Ask anyone you know about the country of Iceland. No doubt they’ll talk about its glaciers, mountains, volcanoes, or waterfalls. While these are all stunning sights, Iceland has so much more to offer. Diving in Iceland is an up and coming activity that anyone can participate in! From hydrothermal vents to shipwrecks and even diving between tectonic plates a whole other side of Iceland lies below the surface waiting to be discovered. There’s no better time to visit than now!
It’s funny. Most Icelanders we spoke to had no idea about diving in Iceland. Many were quite surprised that their country had so many epic diving spots. But the fact is, some of the top Iceland diving spots are right under their noses!
You may find yourself asking When to go to Iceland but rest assured that the diving in iceland is great year round!
The Best Diving in Iceland
Diving in Iceland is varied to say the very least. From beginner guided dives for those of you with open water certifications to advanced Nitrox and drysuit scuba diving, Iceland has a dive for everyone. You’ll want your PADI open water dive certification at a minimum for all the diving in Iceland we discuss below.
Diving in Iceland shouldn’t be taken lightly however, as with all dives you must go prepared and with a plan. One of the best options is to go with a certified local dive master. Not only will you find all the best spots without wasting time but you’ll have someone with knowledge of the local hazards to help keep you safe.
Read More: What to wear in Iceland: Layer like a Pro
Dive or Swim Between Continents at the Silfra Fissure
At Thingvellir National Park, this land of fire and ice shows off its strength once again… this time by tearing the country in two. The Silfra fissure is an area of Iceland where tectonic plate movement is literally ripping the country in two. When we talk about diving in Iceland this is easily the most famous of the dive spots we’ll cover.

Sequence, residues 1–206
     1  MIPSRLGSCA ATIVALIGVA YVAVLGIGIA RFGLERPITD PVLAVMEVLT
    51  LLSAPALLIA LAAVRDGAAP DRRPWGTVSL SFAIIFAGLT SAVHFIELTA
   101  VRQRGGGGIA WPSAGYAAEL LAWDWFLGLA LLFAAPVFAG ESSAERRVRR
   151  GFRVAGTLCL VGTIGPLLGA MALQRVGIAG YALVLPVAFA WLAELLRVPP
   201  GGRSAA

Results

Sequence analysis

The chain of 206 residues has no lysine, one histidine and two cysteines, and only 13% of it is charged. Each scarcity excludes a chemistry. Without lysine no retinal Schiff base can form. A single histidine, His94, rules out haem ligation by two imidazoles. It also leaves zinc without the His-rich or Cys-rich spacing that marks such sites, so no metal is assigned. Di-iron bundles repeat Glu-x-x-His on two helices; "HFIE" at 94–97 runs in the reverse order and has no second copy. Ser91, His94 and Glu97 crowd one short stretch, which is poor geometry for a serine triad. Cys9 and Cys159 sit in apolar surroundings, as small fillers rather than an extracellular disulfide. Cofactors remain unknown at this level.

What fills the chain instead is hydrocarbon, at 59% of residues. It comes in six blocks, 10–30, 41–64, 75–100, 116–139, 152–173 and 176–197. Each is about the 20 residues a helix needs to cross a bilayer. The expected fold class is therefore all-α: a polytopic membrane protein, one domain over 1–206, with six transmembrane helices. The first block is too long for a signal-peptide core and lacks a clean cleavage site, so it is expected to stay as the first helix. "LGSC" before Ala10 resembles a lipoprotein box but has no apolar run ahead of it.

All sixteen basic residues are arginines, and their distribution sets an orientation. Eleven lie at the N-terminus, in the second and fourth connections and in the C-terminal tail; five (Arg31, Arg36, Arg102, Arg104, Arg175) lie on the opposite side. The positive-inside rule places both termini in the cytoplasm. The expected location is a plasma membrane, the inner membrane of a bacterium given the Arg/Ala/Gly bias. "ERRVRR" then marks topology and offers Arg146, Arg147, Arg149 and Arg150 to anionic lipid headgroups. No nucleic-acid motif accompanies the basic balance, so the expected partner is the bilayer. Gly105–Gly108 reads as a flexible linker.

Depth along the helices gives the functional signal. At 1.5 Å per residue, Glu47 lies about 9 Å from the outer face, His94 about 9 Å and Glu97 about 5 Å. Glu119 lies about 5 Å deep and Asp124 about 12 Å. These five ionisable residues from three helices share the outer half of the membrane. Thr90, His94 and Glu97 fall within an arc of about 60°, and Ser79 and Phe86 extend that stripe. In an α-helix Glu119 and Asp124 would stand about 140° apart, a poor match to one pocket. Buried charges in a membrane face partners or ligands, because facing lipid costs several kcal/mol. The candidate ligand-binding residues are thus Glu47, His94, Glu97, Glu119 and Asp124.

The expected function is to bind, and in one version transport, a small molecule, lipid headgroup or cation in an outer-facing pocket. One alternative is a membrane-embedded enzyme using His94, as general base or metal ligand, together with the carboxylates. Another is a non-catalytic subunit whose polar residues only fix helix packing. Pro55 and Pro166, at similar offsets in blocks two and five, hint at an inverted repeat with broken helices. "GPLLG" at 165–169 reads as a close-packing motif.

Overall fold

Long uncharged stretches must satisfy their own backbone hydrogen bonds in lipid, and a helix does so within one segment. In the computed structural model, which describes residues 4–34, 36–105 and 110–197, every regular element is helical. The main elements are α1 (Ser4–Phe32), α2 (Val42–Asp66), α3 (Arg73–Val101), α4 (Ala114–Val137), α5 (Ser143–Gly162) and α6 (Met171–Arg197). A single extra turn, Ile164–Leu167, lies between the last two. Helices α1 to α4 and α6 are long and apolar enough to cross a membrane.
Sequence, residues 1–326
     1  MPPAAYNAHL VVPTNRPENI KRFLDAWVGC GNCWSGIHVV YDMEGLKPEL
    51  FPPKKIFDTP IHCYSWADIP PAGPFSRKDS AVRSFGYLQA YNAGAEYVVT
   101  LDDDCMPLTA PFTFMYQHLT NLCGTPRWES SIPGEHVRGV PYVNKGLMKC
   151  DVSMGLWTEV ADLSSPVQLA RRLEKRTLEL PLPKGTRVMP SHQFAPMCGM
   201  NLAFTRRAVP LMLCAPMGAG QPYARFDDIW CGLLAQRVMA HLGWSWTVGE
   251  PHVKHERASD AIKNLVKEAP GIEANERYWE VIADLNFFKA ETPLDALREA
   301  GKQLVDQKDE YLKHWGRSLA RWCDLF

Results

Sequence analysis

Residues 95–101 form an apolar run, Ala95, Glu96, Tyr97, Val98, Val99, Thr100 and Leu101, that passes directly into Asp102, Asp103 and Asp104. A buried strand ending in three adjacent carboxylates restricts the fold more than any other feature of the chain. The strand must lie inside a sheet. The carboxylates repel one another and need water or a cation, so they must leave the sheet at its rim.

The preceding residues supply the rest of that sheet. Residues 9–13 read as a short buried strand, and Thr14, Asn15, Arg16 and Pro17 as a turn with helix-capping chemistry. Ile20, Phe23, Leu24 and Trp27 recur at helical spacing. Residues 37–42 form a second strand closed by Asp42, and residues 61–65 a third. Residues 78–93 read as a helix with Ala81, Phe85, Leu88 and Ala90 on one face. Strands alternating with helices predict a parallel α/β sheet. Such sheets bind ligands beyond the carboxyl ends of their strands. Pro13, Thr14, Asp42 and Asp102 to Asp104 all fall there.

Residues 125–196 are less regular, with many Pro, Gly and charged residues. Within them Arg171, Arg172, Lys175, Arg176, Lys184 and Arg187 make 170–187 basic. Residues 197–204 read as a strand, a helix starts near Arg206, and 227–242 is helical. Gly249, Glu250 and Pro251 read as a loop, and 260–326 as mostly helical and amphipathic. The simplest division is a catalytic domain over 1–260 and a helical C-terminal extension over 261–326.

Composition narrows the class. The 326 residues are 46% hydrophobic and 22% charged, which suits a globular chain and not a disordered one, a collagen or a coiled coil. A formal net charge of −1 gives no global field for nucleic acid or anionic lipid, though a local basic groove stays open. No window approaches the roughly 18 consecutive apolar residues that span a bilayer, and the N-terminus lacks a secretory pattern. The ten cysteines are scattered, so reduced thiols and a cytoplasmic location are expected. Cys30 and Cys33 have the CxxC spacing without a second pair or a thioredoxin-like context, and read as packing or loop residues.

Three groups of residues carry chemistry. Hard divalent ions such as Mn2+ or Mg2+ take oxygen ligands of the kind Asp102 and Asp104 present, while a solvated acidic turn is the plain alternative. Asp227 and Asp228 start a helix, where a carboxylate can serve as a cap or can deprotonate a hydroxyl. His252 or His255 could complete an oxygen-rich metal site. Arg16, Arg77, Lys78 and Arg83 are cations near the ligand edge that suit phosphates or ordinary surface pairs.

As the North American and Eurasian plates drift apart (speedily at ~2cm/year) the gap is filled with glacial runoff water from a subterranean aquifer. This water, filtered deep underground and through the porous lava rock is immaculately clear. Visibility in the fissure is reported to be over 100m nearly continuously. The crystal clear water is breathtaking, even more so for someone like me from Canada where we regularly experience little to no visibility. It’s like floating in space!
Diving or snorkeling the Silfra Fissure are options year round. However the suggestion is to partake mid summer when daylight hours are long and the water is slightly warmer (4°C vs the usual 2°C). To spend any amount of time in the fissure a drysuit is recommended however 30-45 minute snorkel trips are regularly performed in either wetsuits or drysuits. Because the Silfra Fissure is located only 45 minutes north east of Reykjavik it is easily accessible and it qualifies as my favorite spot to go diving in Iceland!
Go Diving on the Hydrothermal Vents at Strytan
Hydrothermal vents, (underwater volcanoes) are typically found at depths of more than 2100m, inaccessible to any diver and usually explored by specialized deep water submersible. Iceland however pulls another punch at Strytan in the country’s north. Here explorers have found the only hydrothermal chimneys in the world that are shallow enough to dive to. As part of a guided dive participants can get up close and personal with these rarely seen formations and their unique ecosystems!
The protected area of Arnarnesstrýtur is a small group of small chimneys that rise from 22 m to 15 m. Hot 78°C water spews from the vents at over 100 litres per minute. As the hot fresh water and cold sea water meet minerals from the hot geothermal water drop out of solution to create these amazing sea stacks. Take a glove off and feel the temperature change near the vents. It’s something to be experienced in order to be believed!
At least one tour outfit takes a thermos on the dive with them to capture the hot freshwater from the vents and then makes hot chocolate with it at the end of the dive!